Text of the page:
The socket cap 2 is fastened to the socket body 1 to hold down the electrical wire 7. As illustrated, the socket cap 2 comprises a bottom pressure block 24 in the middle for holding down the electrical wire 7, two downward plugs 21 at two opposite sides for mounting in the plug holes 11 of the socket body 1, and a curved clamping plate 22 raised from the periphery. Each of the downward plugs 21 has a step 211 at an outer side for engaging with projecting blocks 16 of the socket body 1, and a threaded portion 210 at an inner side for engaging the ring contact 611 of the base 61 of the lamp bulb 6. The curved clamping plate 22 has a plurality of toothed portions 221, which face the periphery of the socket body 1 when the socket cap 2 is installed, and a keyhole-like slot 23 at one side.

Referring to FIGS. 9, 10, and 11, when the electrical wire 7 is mounted in the wire groove 17, the socket cap 2 is fastened to the socket body 1 to hold down the electrical wire 7 by inserting the downward plugs 21 into the plug holes 11 for permitting the steps 211 of the downward plugs 21 to be respectively engaged with the projecting blocks 16 at the bottom. When the socket cap 2 is installed, the electrical wire 7 is forced by the pressure block 24 against the pointed upright tips 44 and 53 of the center metal contact plate 4 and the side metal contact plate 5, thereby rendering the pointed upright tips 44 and 53 to pierce the insulator of the electrical wire 7 and to make electrical contact with a respective conductor of the electrical wire 7. When the base 61 of the lamp bulb 6 is threaded into the socket body 1, the ring contact 611 of the base 61 is also threaded into engagement with the threaded portions 210 of the downward plugs 21 of the socket cap 2, the springy tail 41 of the center metal contact plate 4 is forced upwards by the tip contact 610 of the base 61 and retained in contact with it, and the projecting strip 51 of the side metal contact plate 5 is forced backward by the ring contact 611 of the base 61 and retained in contact with it, and therefore the lamp bulb 6 is electrically connected to the electrical wire 7. When the lamp bulb 6 is removed from the socket body 1, the springy tail 41 of the center metal contact plate 4 and the projecting strip 51 of the side metal contact plate 5 automatically return to their former positions.

Referring to FIGS. 14 to 19, through the curved clamping plate 22, the lamp socket can be installed in any of a variety of support means. As illustrated in FIG. 6, the curved clamping plate 22 further comprises a first clamping portion 223 on the outside, which is defined within the curved clamping plate 22 and the socket body 1, and a second clamping portion 222 on the inside, which is defined by the curved clamping plate 22 itself. By means of the first clamping portion 223 and the toothed portions 221, the lamp socket can be fastened to any of a variety of gutters C (see FIGS. 14 and 15) or a tree branch B (see FIG. 16). By means of the second clamping portion 222 and the toothed portions 221, the lamp socket can be fastened to different tree twigs A (see FIG. 17), or the eaves D (see FIG. 18). By means of the keyhole-like slot 23, the lamp socket can be fastened to the wall by a nail E (see FIG. 19).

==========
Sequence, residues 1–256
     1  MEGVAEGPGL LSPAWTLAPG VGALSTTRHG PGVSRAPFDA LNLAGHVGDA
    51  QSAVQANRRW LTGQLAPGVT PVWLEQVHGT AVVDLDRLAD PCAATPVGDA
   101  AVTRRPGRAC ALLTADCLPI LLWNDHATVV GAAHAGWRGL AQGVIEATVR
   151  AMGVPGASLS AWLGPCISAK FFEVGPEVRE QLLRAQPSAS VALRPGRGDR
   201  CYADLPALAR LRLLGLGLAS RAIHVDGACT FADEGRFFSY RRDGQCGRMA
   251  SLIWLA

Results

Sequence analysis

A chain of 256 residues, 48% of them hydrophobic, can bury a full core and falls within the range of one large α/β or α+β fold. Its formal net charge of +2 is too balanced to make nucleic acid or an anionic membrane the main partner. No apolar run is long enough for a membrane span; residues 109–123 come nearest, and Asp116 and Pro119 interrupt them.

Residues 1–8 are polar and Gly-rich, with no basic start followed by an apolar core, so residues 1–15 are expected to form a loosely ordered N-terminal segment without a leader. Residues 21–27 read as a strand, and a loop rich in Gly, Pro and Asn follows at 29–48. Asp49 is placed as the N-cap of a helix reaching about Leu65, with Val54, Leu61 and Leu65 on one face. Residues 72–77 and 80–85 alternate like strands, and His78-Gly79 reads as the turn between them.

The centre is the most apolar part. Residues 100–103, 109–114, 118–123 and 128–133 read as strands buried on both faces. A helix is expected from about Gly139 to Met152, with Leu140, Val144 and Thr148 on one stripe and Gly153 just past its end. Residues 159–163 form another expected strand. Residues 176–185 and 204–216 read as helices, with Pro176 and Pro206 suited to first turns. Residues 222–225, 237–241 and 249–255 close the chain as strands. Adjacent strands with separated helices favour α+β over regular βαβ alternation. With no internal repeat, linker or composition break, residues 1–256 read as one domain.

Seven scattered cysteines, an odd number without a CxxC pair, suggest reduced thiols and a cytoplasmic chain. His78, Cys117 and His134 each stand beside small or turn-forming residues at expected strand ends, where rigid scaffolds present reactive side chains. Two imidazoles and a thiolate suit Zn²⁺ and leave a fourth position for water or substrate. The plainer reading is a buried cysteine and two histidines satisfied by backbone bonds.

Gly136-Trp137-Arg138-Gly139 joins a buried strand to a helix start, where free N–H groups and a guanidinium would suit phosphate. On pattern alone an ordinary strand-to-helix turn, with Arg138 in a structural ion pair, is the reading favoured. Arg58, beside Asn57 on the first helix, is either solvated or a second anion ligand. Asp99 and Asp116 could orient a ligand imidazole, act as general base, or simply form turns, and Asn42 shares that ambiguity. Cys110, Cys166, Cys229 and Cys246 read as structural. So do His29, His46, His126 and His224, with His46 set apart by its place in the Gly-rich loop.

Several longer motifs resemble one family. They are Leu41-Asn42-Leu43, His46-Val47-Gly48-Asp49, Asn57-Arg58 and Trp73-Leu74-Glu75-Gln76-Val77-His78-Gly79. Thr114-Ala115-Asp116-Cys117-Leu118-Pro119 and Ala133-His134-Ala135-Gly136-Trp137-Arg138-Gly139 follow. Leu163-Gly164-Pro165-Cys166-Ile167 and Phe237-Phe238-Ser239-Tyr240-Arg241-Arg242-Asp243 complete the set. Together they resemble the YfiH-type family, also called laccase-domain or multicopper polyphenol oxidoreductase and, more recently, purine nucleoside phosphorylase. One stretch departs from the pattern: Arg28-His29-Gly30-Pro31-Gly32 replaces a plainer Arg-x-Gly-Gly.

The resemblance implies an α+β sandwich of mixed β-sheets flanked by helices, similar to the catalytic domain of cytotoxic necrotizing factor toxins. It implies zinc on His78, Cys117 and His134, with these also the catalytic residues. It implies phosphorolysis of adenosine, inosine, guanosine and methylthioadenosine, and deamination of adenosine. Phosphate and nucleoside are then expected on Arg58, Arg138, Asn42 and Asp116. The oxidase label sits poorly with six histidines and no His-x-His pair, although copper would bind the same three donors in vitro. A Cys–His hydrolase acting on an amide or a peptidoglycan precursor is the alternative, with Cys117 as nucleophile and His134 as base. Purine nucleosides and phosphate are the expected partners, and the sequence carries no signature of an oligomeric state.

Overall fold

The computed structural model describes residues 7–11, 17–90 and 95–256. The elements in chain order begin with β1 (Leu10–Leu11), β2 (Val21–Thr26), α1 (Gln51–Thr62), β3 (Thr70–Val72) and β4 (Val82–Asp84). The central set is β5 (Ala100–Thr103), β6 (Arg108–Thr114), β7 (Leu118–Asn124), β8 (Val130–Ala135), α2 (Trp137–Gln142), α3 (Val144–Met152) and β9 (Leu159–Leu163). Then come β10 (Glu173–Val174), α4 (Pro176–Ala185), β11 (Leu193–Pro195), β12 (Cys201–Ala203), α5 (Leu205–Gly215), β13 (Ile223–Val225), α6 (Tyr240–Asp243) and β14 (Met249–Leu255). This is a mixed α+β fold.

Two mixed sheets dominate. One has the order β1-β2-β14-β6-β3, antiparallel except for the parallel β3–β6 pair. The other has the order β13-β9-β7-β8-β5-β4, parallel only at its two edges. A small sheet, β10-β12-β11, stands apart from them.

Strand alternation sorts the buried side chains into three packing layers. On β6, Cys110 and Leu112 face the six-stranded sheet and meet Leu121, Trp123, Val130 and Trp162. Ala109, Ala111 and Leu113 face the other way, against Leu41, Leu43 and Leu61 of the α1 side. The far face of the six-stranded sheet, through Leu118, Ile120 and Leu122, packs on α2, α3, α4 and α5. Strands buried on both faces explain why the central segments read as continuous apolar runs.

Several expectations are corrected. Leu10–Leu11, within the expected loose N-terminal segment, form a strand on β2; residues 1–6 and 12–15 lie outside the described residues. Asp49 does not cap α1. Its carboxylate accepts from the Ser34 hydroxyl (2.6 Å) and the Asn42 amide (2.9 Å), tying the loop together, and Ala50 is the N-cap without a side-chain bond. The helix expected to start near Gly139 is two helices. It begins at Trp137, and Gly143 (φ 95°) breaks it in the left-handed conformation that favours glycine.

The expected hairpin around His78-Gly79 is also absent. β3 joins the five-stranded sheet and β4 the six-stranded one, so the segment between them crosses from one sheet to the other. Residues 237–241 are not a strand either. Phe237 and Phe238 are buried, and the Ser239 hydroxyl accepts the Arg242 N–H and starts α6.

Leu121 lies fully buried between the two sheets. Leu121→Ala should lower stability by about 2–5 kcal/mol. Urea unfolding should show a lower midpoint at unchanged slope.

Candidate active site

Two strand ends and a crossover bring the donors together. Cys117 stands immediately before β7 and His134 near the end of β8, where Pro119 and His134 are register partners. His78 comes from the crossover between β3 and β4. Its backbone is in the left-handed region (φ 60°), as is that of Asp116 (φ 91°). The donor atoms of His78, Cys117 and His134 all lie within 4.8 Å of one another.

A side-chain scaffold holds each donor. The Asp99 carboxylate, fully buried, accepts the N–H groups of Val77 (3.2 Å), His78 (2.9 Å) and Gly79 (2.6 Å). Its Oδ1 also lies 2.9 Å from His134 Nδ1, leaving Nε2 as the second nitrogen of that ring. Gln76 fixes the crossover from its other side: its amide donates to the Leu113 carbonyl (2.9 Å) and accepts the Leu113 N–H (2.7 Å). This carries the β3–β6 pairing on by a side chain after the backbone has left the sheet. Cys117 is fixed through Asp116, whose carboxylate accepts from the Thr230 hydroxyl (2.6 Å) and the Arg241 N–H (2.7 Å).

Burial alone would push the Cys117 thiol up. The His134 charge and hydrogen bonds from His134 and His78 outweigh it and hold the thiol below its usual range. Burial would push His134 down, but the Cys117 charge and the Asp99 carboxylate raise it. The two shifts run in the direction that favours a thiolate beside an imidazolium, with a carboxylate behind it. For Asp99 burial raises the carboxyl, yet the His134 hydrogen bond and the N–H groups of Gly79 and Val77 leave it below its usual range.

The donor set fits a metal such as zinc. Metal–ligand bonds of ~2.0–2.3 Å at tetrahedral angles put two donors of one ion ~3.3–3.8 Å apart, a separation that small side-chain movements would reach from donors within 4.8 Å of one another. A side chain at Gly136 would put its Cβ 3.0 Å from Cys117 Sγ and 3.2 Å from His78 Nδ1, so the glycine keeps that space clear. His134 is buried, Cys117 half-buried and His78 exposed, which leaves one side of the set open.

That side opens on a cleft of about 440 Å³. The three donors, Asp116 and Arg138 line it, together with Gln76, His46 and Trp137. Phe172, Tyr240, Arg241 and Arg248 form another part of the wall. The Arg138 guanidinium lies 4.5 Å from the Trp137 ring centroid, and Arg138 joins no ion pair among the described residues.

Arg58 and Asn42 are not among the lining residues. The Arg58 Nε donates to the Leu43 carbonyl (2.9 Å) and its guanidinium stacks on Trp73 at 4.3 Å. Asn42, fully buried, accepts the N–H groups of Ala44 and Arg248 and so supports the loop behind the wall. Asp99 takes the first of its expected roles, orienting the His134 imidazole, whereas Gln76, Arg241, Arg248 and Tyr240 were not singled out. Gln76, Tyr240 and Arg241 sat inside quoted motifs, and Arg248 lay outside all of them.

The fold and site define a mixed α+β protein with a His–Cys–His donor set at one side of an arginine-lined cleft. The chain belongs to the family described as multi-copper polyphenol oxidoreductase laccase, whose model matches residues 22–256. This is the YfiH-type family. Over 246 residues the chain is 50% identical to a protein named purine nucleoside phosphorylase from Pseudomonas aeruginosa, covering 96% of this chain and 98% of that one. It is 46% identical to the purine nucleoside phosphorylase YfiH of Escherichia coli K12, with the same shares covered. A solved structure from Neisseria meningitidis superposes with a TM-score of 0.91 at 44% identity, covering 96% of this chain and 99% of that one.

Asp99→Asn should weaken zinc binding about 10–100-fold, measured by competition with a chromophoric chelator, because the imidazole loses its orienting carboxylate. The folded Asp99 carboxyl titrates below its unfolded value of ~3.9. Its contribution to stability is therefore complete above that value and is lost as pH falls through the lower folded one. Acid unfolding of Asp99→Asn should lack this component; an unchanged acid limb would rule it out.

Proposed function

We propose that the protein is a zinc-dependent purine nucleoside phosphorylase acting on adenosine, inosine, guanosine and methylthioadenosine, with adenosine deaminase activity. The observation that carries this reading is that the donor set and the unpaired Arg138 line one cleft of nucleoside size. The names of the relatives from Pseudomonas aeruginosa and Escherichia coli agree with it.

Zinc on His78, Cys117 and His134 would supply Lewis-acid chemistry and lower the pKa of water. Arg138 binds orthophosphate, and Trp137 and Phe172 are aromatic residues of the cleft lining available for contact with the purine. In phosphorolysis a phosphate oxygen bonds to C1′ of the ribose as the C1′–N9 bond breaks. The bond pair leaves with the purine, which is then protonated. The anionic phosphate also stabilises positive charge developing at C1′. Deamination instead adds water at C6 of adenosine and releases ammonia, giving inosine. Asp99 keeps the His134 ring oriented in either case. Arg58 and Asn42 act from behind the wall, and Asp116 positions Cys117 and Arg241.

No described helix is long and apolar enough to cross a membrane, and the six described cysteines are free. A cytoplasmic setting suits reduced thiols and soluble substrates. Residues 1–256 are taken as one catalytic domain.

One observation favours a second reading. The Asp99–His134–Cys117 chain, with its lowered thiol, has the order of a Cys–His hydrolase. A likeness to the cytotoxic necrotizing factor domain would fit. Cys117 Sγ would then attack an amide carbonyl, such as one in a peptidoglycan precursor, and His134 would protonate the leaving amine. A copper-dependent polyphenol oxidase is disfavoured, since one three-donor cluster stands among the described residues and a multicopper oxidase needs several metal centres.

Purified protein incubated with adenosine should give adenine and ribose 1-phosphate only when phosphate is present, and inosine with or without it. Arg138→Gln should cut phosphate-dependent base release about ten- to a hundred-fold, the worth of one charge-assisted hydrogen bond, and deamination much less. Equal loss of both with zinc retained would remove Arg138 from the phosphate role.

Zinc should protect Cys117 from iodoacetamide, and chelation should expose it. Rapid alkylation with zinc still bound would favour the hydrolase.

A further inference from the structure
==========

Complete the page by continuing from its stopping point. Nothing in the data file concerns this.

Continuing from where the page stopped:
It is to be understood that the description and corresponding drawings are designed for purposes of illustration only, and are not intended as a definition of the limits and scope of the invention disclosed.

Patent Citations
Cited PatentFiling datePublication dateApplicantTitle
US2308016 *Dec 23, 1940Jan 12, 1943Eastman Kodak CoRapid-change flash lamp socket
US2570751 *Aug 24, 1949Oct 9, 1951Gen ElectricLamp socket
US2636069 *Jan 4, 1949Apr 21, 1953Doris Gilbert MargaretPin-tap lamp socket
US3151926 *Jul 24, 1962Oct 6, 1964Gilbert Mfg Company IncLamp socket
US3372362 *Oct 6, 1965Mar 5, 1968Gilbert Mfg Co IncLamp socket and clip
US3601767 *Apr 7, 1970Aug 24, 1971William J EcklesBulb socket with hanger
US3716818 *Dec 21, 1970Feb 13, 1973L FinkelsteinElectrical harness with moulded sockets
US3936122 *Aug 29, 1974Feb 3, 1976Bengt Petersson New Products Investment AbSafety device in electrical connection devices
US4222623 *Jul 26, 1978Sep 16, 1980Tore HultbergGlow-lamp holder
US4382654 *Jan 12, 1981May 10, 1983Gilbert Manufacturing Co., Inc.Resilient contact support for lamp socket
US5051877 *Nov 5, 1990Sep 24, 1991Liao Nan WMiniature light set
US5241746 *Jul 29, 1992Sep 7, 1993Illinois Tool Works Inc.Threaded receptacle manufacturing method including mounting of electrical contact members within the receptacle
US5380215 *Jan 5, 1994Jan 10, 1995Huang; Ming H.Secure lamp base
US5421742 *Apr 12, 1994Jun 6, 1995Huang; Shun-FengElectric lamp base system
US5439389 *May 23, 1994Aug 8, 1995Cheng; You-JenStructure of lamp socket
US5446640 *Mar 21, 1994Aug 29, 1995Lin; Mei MeiChristmas light
US5474467 *May 31, 1994Dec 12, 1995Chen; Ming-HsiungLamp socket
US5492483 *Feb 21, 1995Feb 20, 1996Cheng; You-JenStructure of lamp socket
US5531609 *Jul 5, 1994Jul 2, 1996Cheng; You-JenStructure of lamp socket
Referenced by
Citing PatentFiling datePublication dateApplicantTitle
US6083015 *Aug 13, 1998Jul 4, 2000Volkswagen AgCabling module arrangement
US6216321 *Jun 30, 1999Apr 17, 2001Delphi Technologies, Inc.Edge clip
Classifications
U.S. Classification439/419, 439/505, 439/575, 439/340, 439/667, 439/506
International ClassificationH01R4/24, F21V21/002, H01R33/965, H01R33/22
Cooperative ClassificationH01R33/9651, H01R33/22, H01R4/2404, F21V21/002
European ClassificationH01R4/24A, H01R33/965B, H01R33/22, F21V21/002
Legal Events
DateCodeEventDescription
Mar 5, 2002FPExpired due to failure to pay maintenance fee
Effective date: 20020130
Dec 31, 2001LAPSLapse for failure to pay maintenance fees
Jul 24, 2001REMIMaintenance fee reminder mailed